Journalism Suffers From Newsroom Cuts

The quality of journalism in the U.S. is suffering at the local and national levels, as TV and media outlets turn to algorithms, rather than produce stories from reporters, to cut costs.

According to the latest annual “State of the Media” report from the Pew Research Center, U.S. newsrooms have reduced their personnel by nearly 30 percent compared to the highs in 2000.

Journalism in the country suffers as a result, the study added.

Publishing companies and news organizations now take chances to send messages directly to the public despite inconsistent results, rather than use conventional news media.

Pew found that less than 40,000 full-time employees work in news, the lowest manpower in the industry since 1978.

Regardless of continuous growth in annual revenues, news companies CNN, Fox, and MSNBC suffered 30 percent drops in daytime coverage of live events from 2007. And their interview portions rose 31 percent, even though these segments do not need a full crew.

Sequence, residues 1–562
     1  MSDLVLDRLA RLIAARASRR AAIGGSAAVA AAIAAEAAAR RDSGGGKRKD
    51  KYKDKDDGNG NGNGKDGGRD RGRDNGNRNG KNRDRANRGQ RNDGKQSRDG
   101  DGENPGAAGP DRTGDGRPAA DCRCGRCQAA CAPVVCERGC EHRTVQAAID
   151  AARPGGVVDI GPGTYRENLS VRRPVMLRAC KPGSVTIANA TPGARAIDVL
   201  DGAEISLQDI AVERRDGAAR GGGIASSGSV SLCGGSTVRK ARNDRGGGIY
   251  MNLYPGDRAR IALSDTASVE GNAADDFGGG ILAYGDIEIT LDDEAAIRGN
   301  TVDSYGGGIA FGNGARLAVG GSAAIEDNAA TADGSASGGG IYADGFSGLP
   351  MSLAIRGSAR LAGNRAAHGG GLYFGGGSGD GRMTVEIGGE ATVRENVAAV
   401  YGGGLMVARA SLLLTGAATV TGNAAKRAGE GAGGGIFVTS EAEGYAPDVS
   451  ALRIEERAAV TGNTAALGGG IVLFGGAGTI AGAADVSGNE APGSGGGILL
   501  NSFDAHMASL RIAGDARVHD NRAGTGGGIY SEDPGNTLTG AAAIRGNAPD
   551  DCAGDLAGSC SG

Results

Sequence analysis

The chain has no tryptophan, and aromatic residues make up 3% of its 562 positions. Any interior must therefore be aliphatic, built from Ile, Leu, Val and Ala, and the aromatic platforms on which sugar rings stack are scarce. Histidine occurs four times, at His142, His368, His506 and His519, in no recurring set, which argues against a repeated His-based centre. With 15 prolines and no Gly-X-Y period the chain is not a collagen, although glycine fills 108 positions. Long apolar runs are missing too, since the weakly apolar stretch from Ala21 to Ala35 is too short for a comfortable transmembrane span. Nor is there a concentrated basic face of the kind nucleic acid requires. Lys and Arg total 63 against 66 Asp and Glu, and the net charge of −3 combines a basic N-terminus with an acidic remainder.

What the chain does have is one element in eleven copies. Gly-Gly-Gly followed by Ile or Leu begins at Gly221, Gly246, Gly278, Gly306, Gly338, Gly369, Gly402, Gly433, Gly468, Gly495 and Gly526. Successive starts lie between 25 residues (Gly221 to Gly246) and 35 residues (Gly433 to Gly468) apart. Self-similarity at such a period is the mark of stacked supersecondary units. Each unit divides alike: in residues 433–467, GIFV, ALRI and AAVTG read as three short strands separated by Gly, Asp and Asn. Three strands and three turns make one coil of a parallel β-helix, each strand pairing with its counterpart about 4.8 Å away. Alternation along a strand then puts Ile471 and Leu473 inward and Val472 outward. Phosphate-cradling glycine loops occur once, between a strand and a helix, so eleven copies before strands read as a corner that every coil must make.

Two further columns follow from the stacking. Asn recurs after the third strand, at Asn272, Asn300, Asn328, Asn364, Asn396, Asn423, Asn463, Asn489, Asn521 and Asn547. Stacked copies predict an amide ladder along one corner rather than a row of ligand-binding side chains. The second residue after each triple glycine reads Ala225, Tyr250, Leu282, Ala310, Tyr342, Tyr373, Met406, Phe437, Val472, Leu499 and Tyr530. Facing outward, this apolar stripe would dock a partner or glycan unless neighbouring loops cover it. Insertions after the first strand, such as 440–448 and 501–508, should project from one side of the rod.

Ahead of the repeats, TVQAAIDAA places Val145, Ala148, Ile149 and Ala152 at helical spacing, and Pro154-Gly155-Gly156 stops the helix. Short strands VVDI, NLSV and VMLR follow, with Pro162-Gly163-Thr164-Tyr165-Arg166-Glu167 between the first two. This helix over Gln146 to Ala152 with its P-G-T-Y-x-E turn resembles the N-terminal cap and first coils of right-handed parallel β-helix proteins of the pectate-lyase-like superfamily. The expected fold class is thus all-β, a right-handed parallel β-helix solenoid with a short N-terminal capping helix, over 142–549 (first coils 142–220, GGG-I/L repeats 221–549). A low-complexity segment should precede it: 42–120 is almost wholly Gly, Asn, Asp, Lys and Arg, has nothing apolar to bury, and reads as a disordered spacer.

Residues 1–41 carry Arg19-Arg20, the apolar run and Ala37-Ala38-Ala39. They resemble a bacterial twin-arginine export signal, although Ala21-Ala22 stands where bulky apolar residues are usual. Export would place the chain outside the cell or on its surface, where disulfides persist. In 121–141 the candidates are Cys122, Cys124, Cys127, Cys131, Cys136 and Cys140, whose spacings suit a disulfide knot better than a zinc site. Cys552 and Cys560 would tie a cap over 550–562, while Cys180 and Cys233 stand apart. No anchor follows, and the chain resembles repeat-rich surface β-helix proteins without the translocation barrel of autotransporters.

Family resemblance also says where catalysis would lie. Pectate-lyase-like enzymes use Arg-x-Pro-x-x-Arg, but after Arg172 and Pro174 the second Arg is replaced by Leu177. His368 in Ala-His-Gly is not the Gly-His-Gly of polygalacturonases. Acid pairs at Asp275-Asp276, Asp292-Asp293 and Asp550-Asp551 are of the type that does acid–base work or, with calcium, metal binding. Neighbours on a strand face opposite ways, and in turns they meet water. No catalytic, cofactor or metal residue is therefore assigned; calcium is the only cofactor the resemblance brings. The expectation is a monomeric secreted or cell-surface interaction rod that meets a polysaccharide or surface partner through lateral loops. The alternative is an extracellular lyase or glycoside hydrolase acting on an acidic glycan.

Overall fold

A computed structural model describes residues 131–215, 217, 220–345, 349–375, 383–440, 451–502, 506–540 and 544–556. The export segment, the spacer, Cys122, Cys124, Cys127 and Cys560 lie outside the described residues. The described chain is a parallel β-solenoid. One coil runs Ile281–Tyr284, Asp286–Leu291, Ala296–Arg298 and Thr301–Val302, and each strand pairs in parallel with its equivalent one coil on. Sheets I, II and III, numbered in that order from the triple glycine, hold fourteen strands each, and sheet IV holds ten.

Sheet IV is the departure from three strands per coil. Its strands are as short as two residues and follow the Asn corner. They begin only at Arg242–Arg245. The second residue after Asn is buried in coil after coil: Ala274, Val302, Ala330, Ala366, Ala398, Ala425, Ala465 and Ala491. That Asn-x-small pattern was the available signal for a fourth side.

CNN has cut its story segments by nearly 50 percent. It has reduced story lengths on local TV stations, while simple topics to cover, such as sports, traffic, and weather, have risen to 40 percent of total content produced by the company.

Not only TV stations, but also media outlets are suffering.

 

Author: Francis Rey Balolong

A coffee junkie who spends most of his time writing about the latest news on social media and mobile technology. I would definitely consider myself a nerd (in the coolest most hipster way possible). That being said, I love technology, music, writing, and all things mobile.

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